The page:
- The levels 3 and 4 judgment is flawed and if it goes on appeal it will most likely be overturned, says an expert.
- The judgment falls short by failing to engage with each regulation and demonstrate the irrationality, another one adds.
- Another expert says the judgment raises important questions of constitutional principle regarding the government's management of the lockdown.
The High Court judgment that declared levels 3 and 4 of the lockdown unconstitutional and invalid has been described by some experts as flawed, with one saying if it goes on appeal, it will most likely be overturned.
This comes as the government on Thursday indicated it intends to appeal the court's ruling.
The judgment was delivered on Tuesday following an application brought by the Liberty Fighters Network (LFN) and Hola Bona Renaissance Foundation.
In his ruling, Judge Norman Davis found little or no regard was given to the extent of the impact of individual regulations on the constitutional rights of people and whether the extent of the limitation of their rights was justifiable or not.
"The starting point was not 'how can we as the government limit constitutional rights in the least possible fashion whilst still protecting the inhabitants of SA?', but rather 'we will seek to achieve our goal by whatever means, irrespective of the costs and we will determine, albeit incrementally, which constitutional rights you as the people of South Africa may exercise'," he said.
However, speaking to News24 this week, legal counsellor at Lawyers for Human Rights Thandeka Chauke said judges should ensure their judgments were clear and well-reasoned, particularly in cases that concerned public interest.
More confusion, no clarity
"What this judgment has unfortunately done was to create more confusion than clarity and really it was a missed opportunity to address issues surrounding questions about the regulations and their status in a concise manner," she added.
"It is a flawed judgment and if it goes on appeal it will most likely be overturned.
"The main problem with the judgment is that while there was an attack on the regulations as a whole, the judge only looked at specific regulations, the regulations dealing with curfews on exercise, and the regulations dealing with visitations of families and regulations dealing with funerals."
Chauke said after the judge looked at specific examples and found there were no rational links to the purpose of the national state of disaster, he declared all the regulations in terms of levels 3 and 4 unconstitutional and invalid and "that is where the main problem is".
She added the judgment itself was not coherent.
"So it is difficult for the average citizen or the average civilian to understand what it means and people need to be cautioned to remember that this declaration of constitutional invalidity has been suspended for 14 days for the government to remedy what the problem the judges highlighted is, and even then when there is a declaration of constitutional invalidity in the High Court it must still be referred to the Constitutional Court for final confirmation.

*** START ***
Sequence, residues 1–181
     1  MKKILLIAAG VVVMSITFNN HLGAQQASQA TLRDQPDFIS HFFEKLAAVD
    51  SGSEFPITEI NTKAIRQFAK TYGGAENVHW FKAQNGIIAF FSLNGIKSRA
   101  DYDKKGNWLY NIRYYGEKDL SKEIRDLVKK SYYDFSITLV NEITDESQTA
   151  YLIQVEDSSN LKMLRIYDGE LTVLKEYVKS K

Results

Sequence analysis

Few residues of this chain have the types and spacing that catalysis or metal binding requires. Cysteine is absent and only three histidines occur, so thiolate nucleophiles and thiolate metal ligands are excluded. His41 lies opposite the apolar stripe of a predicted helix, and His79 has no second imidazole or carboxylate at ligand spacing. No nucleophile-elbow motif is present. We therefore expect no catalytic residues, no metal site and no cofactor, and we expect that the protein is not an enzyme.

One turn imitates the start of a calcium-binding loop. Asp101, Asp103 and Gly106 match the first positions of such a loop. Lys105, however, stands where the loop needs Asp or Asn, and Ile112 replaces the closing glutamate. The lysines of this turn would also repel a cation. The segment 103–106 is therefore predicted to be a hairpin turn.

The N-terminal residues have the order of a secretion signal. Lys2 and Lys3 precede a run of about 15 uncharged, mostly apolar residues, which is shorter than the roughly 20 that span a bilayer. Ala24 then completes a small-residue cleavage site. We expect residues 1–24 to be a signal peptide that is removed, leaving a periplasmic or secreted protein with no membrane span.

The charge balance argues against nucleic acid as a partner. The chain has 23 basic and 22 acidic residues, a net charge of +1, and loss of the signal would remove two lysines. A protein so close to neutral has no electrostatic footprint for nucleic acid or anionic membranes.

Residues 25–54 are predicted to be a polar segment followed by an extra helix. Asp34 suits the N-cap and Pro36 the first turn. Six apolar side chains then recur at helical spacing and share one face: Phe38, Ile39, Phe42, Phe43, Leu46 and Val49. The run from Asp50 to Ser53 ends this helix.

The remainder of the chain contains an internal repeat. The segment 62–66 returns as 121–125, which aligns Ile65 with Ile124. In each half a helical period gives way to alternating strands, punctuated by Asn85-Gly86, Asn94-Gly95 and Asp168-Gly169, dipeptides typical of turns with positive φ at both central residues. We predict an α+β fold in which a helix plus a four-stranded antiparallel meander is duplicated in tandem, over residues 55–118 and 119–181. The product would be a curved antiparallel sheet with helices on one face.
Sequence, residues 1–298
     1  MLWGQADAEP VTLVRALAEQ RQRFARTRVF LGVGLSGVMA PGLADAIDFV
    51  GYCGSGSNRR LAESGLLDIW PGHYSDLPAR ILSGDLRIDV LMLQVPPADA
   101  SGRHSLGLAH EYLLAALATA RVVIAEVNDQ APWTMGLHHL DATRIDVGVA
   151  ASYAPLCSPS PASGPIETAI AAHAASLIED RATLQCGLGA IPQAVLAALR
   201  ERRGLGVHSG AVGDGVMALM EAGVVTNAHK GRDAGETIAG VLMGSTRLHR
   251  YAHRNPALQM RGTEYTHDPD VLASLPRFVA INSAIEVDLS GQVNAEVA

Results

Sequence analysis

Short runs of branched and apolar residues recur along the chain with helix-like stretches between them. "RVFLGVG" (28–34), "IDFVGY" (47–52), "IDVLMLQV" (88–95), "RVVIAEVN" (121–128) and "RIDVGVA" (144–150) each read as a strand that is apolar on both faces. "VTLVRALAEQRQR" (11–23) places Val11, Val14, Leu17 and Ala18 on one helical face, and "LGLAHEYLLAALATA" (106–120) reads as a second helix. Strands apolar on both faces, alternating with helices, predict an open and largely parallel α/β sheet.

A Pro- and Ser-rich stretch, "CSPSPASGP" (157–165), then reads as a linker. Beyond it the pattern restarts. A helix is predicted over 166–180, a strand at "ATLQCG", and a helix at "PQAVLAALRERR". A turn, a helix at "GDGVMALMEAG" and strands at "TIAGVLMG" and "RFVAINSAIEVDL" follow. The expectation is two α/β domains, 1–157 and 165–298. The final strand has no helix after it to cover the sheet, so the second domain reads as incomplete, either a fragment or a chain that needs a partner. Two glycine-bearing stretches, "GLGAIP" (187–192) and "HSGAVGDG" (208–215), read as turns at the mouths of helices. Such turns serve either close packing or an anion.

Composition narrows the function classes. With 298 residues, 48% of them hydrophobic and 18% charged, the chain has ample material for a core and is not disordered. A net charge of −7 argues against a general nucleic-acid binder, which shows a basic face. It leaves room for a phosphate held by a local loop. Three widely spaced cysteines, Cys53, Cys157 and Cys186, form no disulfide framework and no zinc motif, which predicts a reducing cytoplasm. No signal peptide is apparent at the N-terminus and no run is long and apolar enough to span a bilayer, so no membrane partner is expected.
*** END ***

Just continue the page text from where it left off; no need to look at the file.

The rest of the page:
"So, people need to understand we are still under lockdown and the Level 3 regulations are still applicable right now."
More detail needed
Dr Justice Alfred Mavedzenge, who is an academic and legal advisor at the International Commission of Jurists, said the judgment served as a reminder that even during a crisis such as Covid-19, government measures should still be rational in order for them to be constitutionally valid.
He, however, added the judgment should have provided more detail on why each regulation was irrational.
"The judgment falls short [by] failing to engage with each regulation and demonstrate the irrationality. The judgment could have provided more detail on why each regulation is irrational.
"The reasoning in the judgment is that because some regulations are irrational, therefore all are irrational," Mavedzenge told News24.
Another legal expert, Professor Pierre de Vos, stated in an article on his blog site, Constitutionally Speaking, the judgment was flawed, adding it also raised important questions about the duty of the government to act rationally and in a transparent manner.
De Vos said despite its many flaws, the judgment "raises important questions of constitutional principle regarding the government's management of the lockdown and its belief that as long as it pursues the laudable goals of saving lives for the public good, the regulations will be constitutionally compliant".
"The court declared invalid the 'regulations promulgated by the minister of cooperation and traditional affairs in terms of Section 27 of the Disaster Management Act 57 of 2002', which suggests all regulations promulgated since the declaration of the national disaster were declared invalid.
"But this the court could not do as neither Level 5 regulations nor Level 3 regulations were properly placed before the court to consider.
"The problem is that a court cannot declare invalid a regulation without considering that specific regulation and without testing whether that specific regulation is irrational, or unjustifiably infringes on one or more constitutionally protected right.
"To make things worse, and this is the second problem, the court discusses specific regulations [some that applied at alert Level 4 and some that apply at alert Level 3] and concludes that these regulations are irrational," De Vos said.